I think every artist, whether just starting out or a seasoned pro, struggles with the urge to make every effort something they can be proud of, hang on a wall, or possibly sell. Its hard to spend limited time and effort and not have expectations.
However I have yet to meet an artist who if asked why they became an artist their response would be “to get rich”. Most of us explore our art because we have something inside that we need to express. Art, in its many forms, is fun. Creating things that elicit a response, within us or others, brings satisfaction. It’s easy to lose sight of this when confronted with limited time to pursue art. The creative process needs to be fun, and I’ve met many artists who found the most success with the work they did for themselves. Stuff that they didn’t think would appeal to others conveyed greater emotion and lead to greater success, in sales or commissions, than the stuff created for that purpose.
So its good to remember to give ourselves permission to have fun. Paint something new, try a new technique, and remove all expectations that the result will be worthy of anything more than painting over. Better yet, enter into it expecting to not be happy with the result. The goal is to play.
Last night I wanted to try doing a sky like I had seen done by a painter I admire by the name of Jan Blencowe. Her youtube video got me excited to try a scumbled sky, with more color and less definition than I am used to. So I grabbed an old canvas that I had experimented with painting clouds, and started painting over it. I decided to just do the top and see how it went.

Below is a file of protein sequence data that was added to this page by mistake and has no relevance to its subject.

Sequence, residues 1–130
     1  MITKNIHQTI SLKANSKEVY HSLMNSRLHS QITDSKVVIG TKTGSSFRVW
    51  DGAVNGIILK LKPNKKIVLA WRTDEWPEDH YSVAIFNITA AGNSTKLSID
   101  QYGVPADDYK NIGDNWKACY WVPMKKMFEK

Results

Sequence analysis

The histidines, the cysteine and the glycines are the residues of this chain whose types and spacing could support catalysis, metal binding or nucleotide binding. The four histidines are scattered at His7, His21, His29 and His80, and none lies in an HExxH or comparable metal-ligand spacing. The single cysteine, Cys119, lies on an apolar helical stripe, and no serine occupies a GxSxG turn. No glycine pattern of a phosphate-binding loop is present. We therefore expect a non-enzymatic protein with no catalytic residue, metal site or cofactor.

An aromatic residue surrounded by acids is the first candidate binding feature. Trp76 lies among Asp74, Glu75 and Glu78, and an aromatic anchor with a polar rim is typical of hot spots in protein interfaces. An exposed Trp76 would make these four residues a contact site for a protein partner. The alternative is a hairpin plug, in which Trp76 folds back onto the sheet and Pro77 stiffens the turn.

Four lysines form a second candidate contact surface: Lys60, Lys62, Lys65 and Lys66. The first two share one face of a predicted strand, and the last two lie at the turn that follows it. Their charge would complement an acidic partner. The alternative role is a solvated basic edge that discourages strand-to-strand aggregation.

Since I was just having fun, I also decided to use the palette knife more that I have in the past, to create a richly textured background for the sky. I layered in the paint thickly, created some texture and color, and let it dry. Then I went back and scumbled in some color and variation. The result is a more atmospheric sky that leaves a lot to interpretation. It could be cloudy, or foggy without defining for the viewer exactly what to think.
When I was done playing with the sky I was pretty happy, so I decided to play some more, and see if I could turn it into a painting using a photo I took recently and posted here.
Since I was playing, I continued to use the palette knife which is not my usual approach, to block in the underpainting. Then switched to brush and put in the barn.
At some point I realized it was coming along pretty well so I finished it off by adding the trees and shadows and color in the foreground, and added more of the frozen river using heavy glazes. Overall I had a lot of fun. I surprised myself at how much more fun it was to paint this without expectation than it would have been had I set out to paint this photograph for a specific client or purpose.
Give yourself permission to play. Have fun with your art, and see what results. It may surprise you!